Monday, February 13, 2023

You already know what Sudoku Rush is about

When I looked at Sudoku Rush, the first question that I had to ask myself was ‘Why wasn’t this already a game?’

Seriously. It’s a speed Sudoku game that uses six-sided dice. It’s such a simple idea that it feels like it should be obvious. It probably takes half a minute to learn. You have probably figured out the rules already.

You’ve got a six-by-six grid that’s broken down into nine four-by-four boxes. Everyone has their own three dice. No turns. Roll dice. Either write down all three numbers or none of them. Repeat.

In a multi-player game, the game ends when someone calls time, either because they’ve filled their grid or they feel their grid is as good as it’s going to get. In a solitaire game, you set a timer.

You get two points for each row or column that doesn’t have a duplicate  number. You get one point for each block that don’t have a duplicate number. High score wins or try to bear your best score.

I first looked at the game back in 2019 when it was part of the first BGG Roll and Write Design contest. I finally tried it out now. And, both times, it seemed like such a simple, obvious idea. It did get second place in the contest, which does mean simple and obvious can mean very playable.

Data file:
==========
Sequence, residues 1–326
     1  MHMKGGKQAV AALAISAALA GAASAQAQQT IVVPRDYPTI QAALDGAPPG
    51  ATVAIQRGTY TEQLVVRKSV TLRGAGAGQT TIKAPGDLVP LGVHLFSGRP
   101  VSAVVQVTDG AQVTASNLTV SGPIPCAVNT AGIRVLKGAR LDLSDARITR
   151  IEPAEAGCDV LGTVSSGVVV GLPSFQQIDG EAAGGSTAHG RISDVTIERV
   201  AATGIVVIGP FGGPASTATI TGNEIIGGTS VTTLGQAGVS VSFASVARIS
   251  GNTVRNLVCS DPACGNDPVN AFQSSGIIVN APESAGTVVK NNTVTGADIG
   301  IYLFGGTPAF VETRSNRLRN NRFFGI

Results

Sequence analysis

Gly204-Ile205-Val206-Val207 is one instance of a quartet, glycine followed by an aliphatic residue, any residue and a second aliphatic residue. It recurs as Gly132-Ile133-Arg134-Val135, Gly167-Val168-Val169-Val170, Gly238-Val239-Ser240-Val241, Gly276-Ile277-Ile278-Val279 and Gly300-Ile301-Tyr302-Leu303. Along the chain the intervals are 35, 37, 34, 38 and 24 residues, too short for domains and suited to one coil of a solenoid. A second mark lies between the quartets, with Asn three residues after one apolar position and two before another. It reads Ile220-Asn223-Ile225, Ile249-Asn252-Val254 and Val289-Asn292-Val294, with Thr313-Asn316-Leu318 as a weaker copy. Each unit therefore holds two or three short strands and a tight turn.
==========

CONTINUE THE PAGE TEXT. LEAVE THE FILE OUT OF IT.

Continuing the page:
Honestly, for me, Sudoku Rush isn’t a great game. In fact, the gimmick of the game being real time is what saves it for me. The time pressure makes the game engaging, enough for me to think about keeping the game in rotation.

That said, there’s definitely an audience for Sudoku Rush. The concept makes sense, the mechanics work and you know if you want in from the title alone.

Sudoku Rush is beyond dedicated to being exactly what it says on the tin. It’s a game where the fact that it takes less than five minutes isn’t a feature, it’s the whole point. 

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